This weekend sees the climax to another thrilling Formula One season, with Mercedes drivers Nico Rosberg and Lewis Hamilton going head to head for the World Drivers’ Championship.
For the second time in three years, Rosberg and Hamilton head the pack going into the Abu Dhabi finale.
This time, it’s Rosberg who is the clear favourite, given his 12-point lead – but there are still several ways Hamilton could come from behind to snatch the title from his team-mate.
Rosberg will win the 2016 crown if he finishes on the podium. Hamilton must finish within the top four to stand any chance of snatching the championship – but even then he needs a helping hand from his German rival.
The title has been won in the final race of the year 28 times in the 66 seasons it has been awarded.
Elephant Sport selects its top five final-race championship deciders; many British motorsport fans will be hoping that this weekend’s finale will be added to the list.
1984: Niki Lauda wins by the finest of margins
The 1984 season came to a dramatic conclusion in the final round at Estoril, Portugal.
The campaign was dominated by McLaren drivers Niki Lauda and Alain Prost.
Frenchman Prost had won seven races to Lauda’s five, but Lauda eventually prevailed by half a point – the smallest margin in F1 history.
Prost qualified second, Lauda 11th. There were shirts and posters already printed that stated “Prost: 1984 World Champion”; but Austria’s Lauda proved them wrong by climbing up to third.
Prost moved up to first and led most of the race, with Nigel Mansell in second in his last race for Lotus before moving to Williams. Mansell retired due to persistent brake problems, Lauda duly moved up to second- ensuring his third drivers crown.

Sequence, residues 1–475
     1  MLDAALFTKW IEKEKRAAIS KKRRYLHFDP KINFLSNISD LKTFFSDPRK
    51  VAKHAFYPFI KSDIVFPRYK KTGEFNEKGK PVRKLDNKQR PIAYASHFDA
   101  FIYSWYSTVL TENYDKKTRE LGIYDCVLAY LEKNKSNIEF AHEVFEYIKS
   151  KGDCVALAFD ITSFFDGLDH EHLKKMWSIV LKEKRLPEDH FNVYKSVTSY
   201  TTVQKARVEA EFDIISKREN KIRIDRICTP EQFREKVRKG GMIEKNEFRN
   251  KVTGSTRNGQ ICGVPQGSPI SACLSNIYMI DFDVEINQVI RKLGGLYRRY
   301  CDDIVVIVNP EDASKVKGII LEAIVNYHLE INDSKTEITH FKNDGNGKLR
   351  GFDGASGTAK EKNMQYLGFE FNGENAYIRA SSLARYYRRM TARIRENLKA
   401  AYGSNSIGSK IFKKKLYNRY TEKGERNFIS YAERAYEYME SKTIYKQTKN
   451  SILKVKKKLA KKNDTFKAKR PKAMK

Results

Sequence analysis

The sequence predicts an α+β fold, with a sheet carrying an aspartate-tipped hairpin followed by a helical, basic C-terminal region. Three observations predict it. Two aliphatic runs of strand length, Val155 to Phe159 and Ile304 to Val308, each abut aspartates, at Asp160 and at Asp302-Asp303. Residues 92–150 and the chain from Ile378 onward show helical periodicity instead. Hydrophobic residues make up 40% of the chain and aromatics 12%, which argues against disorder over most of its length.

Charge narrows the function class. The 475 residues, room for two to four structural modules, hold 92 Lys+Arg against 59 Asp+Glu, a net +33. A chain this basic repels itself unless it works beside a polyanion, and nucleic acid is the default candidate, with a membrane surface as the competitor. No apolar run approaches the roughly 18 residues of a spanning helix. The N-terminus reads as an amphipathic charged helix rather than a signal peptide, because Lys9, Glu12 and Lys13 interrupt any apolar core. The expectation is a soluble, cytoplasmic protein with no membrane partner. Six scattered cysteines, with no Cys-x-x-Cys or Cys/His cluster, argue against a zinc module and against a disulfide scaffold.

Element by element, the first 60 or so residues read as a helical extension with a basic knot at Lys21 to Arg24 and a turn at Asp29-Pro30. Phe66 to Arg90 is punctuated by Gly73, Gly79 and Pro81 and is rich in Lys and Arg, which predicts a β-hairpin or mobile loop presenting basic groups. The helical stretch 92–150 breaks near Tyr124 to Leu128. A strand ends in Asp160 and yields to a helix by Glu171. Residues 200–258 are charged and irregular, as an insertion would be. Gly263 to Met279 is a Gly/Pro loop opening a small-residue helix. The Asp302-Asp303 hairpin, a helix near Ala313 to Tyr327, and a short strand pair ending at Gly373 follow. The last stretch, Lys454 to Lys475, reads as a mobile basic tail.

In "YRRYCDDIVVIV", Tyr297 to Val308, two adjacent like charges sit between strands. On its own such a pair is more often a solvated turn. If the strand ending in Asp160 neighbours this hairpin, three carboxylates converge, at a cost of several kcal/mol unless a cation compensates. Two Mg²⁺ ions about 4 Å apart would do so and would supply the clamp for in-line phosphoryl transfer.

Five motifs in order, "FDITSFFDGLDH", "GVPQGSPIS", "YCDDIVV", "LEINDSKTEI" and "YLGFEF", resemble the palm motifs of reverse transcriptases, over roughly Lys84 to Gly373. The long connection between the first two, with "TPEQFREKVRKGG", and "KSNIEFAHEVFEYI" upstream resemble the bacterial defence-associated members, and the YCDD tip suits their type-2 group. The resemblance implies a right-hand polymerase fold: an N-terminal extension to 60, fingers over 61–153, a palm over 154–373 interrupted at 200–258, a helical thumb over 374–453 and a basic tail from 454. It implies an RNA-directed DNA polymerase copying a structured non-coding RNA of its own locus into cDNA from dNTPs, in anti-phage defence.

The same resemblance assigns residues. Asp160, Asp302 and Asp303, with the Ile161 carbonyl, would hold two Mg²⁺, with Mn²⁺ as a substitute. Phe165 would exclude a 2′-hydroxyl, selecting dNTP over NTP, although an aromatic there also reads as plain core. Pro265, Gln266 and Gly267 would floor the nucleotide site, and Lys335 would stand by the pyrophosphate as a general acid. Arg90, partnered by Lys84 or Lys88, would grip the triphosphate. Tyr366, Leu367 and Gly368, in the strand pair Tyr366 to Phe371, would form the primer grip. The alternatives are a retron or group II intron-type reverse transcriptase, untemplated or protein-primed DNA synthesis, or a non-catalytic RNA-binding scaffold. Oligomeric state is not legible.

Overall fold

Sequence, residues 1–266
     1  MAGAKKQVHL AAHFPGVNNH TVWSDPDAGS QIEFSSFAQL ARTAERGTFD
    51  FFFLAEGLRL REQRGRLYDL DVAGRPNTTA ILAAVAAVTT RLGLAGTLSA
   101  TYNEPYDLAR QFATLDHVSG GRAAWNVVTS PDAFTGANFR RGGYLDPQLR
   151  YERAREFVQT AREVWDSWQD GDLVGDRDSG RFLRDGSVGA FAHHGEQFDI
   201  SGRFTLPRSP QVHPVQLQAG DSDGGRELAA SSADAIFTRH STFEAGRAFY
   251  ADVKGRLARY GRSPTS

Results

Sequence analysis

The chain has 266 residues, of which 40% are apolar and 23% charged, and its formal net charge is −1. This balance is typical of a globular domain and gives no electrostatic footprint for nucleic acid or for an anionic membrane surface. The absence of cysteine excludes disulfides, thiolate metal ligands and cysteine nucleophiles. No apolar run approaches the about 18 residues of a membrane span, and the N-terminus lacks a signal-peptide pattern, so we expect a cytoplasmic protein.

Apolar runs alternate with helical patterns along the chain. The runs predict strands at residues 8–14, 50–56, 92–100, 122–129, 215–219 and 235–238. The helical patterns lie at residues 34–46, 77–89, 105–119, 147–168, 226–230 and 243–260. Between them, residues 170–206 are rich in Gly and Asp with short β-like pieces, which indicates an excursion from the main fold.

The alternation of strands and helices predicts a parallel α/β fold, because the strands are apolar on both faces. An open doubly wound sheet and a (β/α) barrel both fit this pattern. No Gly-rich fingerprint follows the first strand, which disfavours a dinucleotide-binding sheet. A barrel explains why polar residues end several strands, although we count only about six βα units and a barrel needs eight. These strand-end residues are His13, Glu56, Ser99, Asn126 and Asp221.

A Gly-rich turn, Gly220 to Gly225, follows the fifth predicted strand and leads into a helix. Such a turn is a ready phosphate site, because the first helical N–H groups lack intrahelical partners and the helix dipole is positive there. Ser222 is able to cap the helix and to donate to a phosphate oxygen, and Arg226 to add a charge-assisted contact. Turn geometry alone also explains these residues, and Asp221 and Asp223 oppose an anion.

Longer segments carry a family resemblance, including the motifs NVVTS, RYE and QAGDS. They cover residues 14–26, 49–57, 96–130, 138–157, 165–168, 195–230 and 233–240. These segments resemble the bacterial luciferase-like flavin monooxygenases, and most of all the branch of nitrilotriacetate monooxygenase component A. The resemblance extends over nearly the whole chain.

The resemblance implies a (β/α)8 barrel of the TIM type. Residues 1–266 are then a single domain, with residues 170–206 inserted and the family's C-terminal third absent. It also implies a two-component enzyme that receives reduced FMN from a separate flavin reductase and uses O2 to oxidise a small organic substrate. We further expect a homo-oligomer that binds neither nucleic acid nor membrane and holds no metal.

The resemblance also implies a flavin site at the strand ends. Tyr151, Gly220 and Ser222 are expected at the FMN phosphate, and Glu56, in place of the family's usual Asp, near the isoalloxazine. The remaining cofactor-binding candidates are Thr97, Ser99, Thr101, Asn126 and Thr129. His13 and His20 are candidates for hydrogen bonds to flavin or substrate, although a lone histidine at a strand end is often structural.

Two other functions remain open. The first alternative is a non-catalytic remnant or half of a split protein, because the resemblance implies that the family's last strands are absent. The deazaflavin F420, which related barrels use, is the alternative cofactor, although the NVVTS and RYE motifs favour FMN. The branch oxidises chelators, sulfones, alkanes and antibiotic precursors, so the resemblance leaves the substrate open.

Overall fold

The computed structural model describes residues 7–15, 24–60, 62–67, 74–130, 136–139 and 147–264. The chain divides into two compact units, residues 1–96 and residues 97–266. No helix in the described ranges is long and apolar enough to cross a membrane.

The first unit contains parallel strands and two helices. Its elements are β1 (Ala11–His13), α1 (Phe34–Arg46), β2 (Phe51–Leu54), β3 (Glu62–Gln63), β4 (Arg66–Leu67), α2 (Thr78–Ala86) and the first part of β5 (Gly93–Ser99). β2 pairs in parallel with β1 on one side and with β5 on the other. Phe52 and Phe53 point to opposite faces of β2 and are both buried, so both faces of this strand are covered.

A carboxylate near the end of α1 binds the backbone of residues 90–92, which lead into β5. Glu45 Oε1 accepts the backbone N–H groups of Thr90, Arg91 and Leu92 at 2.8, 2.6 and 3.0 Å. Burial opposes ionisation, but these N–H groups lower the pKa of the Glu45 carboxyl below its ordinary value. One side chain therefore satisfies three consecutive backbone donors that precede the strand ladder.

1986: Heartbreak for Nigel Mansell
Three drivers stood a chance of claiming the drivers’ championship in the 1986 season finale in Australia.
Mansell, with 70 points, needed at least third place to beat Prost, who had 64. Nelson Piquet had 63 points going into the final race.
Mclaren’s Keke Rosberg initially led Piquet, with Prost third ahead of Mansell.
The turning point in the race came on lap 32, a blessing in disguise for Prost. The Frenchman’s right front tyre punctured forcing him to make a pitstop, and he returned to the track in fourth.
It looked as though Prost’s race was ruined, but it eventually proved key to him winning. Goodyear technicians inspected his punctured tyre and saw that it was actually in good condition.
The technicians informed the other teams that they could reach the end of the race, without needing to stop to fit fresh tyres.
But on lap 63, race leader Rosberg retired with a tyre de-lamination; the compound tyres were not lasting the race.
With the McLaren gone there was one less car standing between Mansell and the title, and it mattered not that Prost had passed him, leaving the Briton third once again.
Mansell was on lap 64 of 82, when, cruising down the main straight, his left-rear tyre exploded and a shower of sparks burst from the rear of his car.
His catastrophic exit remains one of F1’s most enduring images, and it left Piquet leading from Prost.
The Brazilian on the verge of winning the championship, but there was no hesitation in bringing him in for fresh tyres.
That left Prost in the lead, thanks to his early pitstop. Luck was definitely on his side that day as he secured a second drivers championship.
1994 & 1997: Schumacher madness
Two similar incidents occurred in the final races of both the 1994 and 1997 seasons to determine the world whampion, both involving Michael Schumacher.
1994 saw Schumacher pip Damon Hill to the title by one point in the last race of the season (Australia).